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Kosher Walek wrote:

Hi, guys —

I was wondering:

  • If someone is married can they become a Catholic priest?
  • If they can, can they remained married and still have a relationship with their family?



  { If someone is married can they become a Catholic priest, and if so, are family relationships OK? }

Eric replied:

Hi Kosher,

In general, in the West, No.

Married Lutheran or Episcopalian priests who convert to Catholicism can get special permission to be ordained a priest and maintain their conjugal rights.

In addition, married Eastern Rite men (those in formerly Orthodox churches that have come into communion with the Catholic Church) can be ordained priests in the home territory of the church they belong to. They, too, retain their conjugal rights.

In general, they are not permitted to be ordained in the United States, however, it is possible to transfer from the Roman Rite (the one that predominates in the West) to an Eastern Rite church, and then be sent temporarily overseas for ordination. I know several priests who have done this. You would, however, serve in Eastern Rite parishes, which are few and far between. There are also issues of your retirement. Technically you would belong to the overseas diocese that ordained you and would only be on loan to the U.S. diocese. Your retirement would come from the overseas diocese and there are apparently issues with that.

I know of exactly one case where a married cradle Catholic was ordained in the U.S. It depends on the bishop and the prevailing politics. The Roman Rite bishops obviously don't get too happy when an Eastern Rite bishop takes one of their potential vocations, or at least establishes a precedent that gives potential vocations hope of being married priests in the Eastern Rite diocese instead of celibate priests in the Roman diocese.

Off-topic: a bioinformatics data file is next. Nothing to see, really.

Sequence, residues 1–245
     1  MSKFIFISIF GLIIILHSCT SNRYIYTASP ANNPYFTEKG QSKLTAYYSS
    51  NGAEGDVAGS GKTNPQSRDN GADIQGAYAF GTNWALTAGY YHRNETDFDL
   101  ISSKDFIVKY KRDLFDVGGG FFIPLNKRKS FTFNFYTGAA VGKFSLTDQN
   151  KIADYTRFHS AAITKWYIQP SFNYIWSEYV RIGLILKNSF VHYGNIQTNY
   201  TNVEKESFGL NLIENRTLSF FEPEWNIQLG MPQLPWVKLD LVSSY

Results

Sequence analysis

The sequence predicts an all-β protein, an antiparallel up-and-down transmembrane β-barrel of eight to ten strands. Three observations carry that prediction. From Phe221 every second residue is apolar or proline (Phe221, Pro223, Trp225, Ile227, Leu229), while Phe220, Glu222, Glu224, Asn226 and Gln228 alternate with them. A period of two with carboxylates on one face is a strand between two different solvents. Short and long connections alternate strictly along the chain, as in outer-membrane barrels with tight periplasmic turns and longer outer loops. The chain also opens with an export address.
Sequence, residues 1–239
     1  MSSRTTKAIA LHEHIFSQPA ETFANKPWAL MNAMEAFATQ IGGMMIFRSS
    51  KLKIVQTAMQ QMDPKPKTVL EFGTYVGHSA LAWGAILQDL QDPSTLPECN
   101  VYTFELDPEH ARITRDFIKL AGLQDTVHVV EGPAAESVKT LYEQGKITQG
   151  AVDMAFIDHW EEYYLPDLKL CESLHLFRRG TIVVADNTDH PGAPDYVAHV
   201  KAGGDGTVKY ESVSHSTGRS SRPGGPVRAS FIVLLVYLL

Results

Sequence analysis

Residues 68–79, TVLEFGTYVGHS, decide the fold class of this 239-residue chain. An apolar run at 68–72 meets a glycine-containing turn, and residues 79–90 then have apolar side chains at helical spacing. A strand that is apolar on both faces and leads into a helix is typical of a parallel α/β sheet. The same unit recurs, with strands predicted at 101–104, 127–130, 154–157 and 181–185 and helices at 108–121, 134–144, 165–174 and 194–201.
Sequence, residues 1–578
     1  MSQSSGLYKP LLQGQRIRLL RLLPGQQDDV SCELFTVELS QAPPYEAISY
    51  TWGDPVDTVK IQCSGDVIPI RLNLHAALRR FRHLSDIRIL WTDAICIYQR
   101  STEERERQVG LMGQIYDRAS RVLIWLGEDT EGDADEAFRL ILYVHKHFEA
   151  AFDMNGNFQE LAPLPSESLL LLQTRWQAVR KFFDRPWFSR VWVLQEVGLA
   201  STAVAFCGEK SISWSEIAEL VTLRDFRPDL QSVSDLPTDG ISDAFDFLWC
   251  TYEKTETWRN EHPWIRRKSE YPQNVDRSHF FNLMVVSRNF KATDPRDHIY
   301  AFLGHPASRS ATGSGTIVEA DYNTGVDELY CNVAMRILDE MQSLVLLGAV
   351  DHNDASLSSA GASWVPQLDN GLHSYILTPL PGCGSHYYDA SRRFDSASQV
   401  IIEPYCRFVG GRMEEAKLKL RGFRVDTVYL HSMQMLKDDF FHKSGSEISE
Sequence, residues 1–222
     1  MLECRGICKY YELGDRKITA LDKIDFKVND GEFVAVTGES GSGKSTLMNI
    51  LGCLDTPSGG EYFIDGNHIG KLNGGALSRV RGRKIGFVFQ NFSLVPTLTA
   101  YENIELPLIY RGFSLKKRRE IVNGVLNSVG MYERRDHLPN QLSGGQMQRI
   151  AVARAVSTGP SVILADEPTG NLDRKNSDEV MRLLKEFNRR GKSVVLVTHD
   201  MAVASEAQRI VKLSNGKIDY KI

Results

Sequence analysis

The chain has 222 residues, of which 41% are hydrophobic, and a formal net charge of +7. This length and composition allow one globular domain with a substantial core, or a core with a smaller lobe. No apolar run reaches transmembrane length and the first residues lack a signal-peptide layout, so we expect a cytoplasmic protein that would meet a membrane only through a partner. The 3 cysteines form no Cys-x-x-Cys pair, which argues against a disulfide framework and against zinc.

Bob replied:

Dear friend,

The rule is that married men can be ordained in some rites, but not the reverse: ordained men cannot marry. The Roman Rite does not permit married men to become ordained, except for deacons, who do not have the authority to confer the sacraments of Penance and Eucharist.

In all cases, once ordained, no subsequent marriage is allowed.

The rationale has a long tradition and would take more than a few words to explain.

On a further point: Once a married man is ordained in the permitted rites, he, of course, maintains a normal marriage and family relations. Should his spouse die, he would still carry out his family duties, but would not remarry.


Bob Kirby

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